Daniel Germanos was completing his HSC when he found out his kidneys were failing.
He was 17. Halfway through his final year of school. And was described by his family as an average teenage boy. He played rep soccer, was fun loving, and had never had a problem with his organs before.
Yet, out of nowhere he got sick. His mum Rita and Dad George, along with his three older siblings were blindsided.
Daniel would need an organ transplant. And he may have to wait up to five years to receive one. Which would mean five years of living in agony, five years attached to a dialysis machine. His quality of life would be next to nothing.
At any one time there are 1500 people waiting for an organ transplant in Australia. They could be waiting five months. Or 10 years.
You never know where you stand on the list. You never know when it is going to happen. All you do know is that one day, you will get a phone call that will potentially save your life.
For many Australian families this is their life. Their every day. Waiting for someone else to die, so their loved one can have a second chance. It's a roller coaster that has no end date. It is limbo.
Daniel's mum, Rita, who had already lived through losing a baby to stillbirth, decided that she would donate one of her kidneys to save her youngest son.
The only problem was, she would have to lose over half her body weight to be able to go ahead with the procedure. After suffering a broken back the year before, Rita's had "piled on" weight.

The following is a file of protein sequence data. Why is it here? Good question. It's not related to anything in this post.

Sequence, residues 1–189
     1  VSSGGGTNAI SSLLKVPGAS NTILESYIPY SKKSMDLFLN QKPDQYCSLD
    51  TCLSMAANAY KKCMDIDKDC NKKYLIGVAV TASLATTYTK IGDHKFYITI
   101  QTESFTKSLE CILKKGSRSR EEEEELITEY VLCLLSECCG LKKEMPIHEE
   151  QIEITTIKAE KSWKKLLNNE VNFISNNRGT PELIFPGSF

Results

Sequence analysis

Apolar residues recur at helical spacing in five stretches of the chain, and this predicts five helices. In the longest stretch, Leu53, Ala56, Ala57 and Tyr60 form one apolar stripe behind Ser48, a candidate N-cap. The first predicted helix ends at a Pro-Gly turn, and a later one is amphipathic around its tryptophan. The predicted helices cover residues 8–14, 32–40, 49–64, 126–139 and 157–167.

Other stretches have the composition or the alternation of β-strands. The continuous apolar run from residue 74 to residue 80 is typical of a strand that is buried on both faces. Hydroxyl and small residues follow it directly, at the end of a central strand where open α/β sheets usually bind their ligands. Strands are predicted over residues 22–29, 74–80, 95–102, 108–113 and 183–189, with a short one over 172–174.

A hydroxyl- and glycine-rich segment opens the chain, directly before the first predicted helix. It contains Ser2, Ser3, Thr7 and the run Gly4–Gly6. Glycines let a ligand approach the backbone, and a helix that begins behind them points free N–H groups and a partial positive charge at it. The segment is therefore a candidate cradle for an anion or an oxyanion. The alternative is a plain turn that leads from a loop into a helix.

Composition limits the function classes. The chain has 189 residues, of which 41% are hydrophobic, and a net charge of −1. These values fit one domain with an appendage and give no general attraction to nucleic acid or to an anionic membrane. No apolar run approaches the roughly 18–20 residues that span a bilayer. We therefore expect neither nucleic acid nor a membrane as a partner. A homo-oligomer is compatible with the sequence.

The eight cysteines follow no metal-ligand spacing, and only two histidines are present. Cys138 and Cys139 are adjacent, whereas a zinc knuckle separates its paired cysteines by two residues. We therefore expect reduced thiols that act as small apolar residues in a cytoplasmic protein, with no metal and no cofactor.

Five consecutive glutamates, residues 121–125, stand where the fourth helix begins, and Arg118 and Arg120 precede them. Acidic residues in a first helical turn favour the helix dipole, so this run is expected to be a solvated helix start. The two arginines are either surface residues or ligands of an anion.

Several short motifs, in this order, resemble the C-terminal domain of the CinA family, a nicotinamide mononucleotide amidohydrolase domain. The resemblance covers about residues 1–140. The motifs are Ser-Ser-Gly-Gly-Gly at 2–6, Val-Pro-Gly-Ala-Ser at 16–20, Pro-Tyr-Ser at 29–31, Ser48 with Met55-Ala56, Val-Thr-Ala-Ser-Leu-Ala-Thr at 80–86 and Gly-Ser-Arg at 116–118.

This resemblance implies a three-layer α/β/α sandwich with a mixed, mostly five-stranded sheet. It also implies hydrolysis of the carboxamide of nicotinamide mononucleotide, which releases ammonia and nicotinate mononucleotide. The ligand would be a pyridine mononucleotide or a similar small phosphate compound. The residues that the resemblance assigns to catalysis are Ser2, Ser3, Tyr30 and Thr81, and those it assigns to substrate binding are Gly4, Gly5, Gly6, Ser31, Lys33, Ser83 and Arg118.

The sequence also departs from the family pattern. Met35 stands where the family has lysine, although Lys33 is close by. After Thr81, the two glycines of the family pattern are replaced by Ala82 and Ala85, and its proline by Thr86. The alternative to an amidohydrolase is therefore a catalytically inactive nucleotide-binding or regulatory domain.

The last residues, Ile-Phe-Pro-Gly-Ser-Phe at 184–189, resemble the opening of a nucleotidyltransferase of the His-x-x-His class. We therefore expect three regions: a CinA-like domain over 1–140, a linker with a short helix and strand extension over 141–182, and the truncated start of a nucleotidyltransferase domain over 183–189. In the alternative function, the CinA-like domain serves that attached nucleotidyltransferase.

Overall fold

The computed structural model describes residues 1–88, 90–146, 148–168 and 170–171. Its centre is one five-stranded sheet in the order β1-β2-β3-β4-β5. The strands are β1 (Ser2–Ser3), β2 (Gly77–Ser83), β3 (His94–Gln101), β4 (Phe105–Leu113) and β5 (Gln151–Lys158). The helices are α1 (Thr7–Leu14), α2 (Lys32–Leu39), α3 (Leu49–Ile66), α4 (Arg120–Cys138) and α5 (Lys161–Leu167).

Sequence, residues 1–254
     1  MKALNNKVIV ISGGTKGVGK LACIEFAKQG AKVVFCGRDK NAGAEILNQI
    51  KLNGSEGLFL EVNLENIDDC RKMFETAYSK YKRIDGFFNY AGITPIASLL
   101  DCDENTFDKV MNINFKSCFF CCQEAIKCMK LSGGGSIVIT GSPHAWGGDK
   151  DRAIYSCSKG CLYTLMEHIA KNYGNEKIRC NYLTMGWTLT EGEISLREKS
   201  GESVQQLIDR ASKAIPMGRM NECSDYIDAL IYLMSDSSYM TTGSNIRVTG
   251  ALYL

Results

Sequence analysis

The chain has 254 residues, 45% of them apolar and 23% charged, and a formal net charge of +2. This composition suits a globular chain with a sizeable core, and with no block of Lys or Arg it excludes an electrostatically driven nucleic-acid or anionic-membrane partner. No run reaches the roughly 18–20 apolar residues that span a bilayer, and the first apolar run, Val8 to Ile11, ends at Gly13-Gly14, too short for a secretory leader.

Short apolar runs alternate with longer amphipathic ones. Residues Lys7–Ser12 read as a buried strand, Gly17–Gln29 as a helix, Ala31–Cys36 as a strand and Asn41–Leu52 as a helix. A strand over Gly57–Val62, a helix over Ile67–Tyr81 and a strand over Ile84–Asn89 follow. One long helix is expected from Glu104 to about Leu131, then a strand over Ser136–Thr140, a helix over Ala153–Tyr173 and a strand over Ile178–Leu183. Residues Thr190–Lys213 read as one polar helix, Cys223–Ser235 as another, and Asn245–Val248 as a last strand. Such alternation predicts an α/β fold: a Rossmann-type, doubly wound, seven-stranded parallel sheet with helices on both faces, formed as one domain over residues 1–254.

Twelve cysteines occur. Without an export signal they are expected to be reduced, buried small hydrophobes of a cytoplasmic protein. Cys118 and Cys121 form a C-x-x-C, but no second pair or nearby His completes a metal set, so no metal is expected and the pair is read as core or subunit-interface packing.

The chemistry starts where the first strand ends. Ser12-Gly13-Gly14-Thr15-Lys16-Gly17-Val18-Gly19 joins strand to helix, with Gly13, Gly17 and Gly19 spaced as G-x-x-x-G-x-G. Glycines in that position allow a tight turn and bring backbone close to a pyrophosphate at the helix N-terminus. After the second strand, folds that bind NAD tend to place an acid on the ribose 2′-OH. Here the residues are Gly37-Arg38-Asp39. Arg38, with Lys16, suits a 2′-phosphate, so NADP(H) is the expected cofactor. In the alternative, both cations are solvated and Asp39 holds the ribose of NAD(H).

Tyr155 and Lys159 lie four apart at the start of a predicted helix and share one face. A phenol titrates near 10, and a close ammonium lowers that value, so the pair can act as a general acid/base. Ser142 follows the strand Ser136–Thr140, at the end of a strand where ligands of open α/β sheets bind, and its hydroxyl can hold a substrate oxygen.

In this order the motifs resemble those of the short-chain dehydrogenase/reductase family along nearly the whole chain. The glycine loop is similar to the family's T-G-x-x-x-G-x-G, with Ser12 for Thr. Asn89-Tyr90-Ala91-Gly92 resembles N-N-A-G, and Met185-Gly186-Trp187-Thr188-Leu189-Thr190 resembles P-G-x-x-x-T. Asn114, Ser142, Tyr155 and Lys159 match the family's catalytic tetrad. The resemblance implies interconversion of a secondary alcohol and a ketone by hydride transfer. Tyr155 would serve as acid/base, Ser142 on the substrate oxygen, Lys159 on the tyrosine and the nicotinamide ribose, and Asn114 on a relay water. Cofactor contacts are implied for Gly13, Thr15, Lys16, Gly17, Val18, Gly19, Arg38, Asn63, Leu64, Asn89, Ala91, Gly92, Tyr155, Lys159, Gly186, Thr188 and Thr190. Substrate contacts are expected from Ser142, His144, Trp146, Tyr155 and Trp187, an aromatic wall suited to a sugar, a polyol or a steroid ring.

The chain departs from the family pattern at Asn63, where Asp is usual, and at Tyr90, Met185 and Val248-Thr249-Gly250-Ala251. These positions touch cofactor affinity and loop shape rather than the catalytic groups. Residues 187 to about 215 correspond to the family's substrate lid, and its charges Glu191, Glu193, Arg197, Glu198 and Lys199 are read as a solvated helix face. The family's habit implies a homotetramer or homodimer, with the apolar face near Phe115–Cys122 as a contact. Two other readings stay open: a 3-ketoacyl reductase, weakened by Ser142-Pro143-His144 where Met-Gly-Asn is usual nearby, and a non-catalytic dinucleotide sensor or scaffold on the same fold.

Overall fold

“We always promised our children we would do the best, because we’ve lost one baby, we weren’t going to lose another one without a fight.” Rita told Mia Freedman on the latest episode of the No Filter interview podcast.
“My weight was the biggest issue. Weight is a risk for surgery. It’s hard to get to the kidney because of the fat layers. I was overweight to start off with, but not obese, but then once I had the accident, I was over 100kgs, and I’m 5 ft1. I tried to lose weight before Daniel got sick. But there was no motivation."
And then suddenly there was, and she had to get down to 65kgs. The only problem being that she could barley walk, let alone exercise.
But nothing was going to come between this mother and saving her son's life.
Rita was joined by her husband George in the podcast studio with Mia. And there were lots tears, from all of them. It truly is one of the greatest acts of love that a person could ever perform.
Listen to the full conversation here:
Just 32% of Australian adults are currently on the national Register, yet 69% of Australians say they are willing to donate. That is why during DonateLife Week we are asking Australians ‘What are you waiting for?’. Visit www.donatelife.gov.au - to register your donation decision now.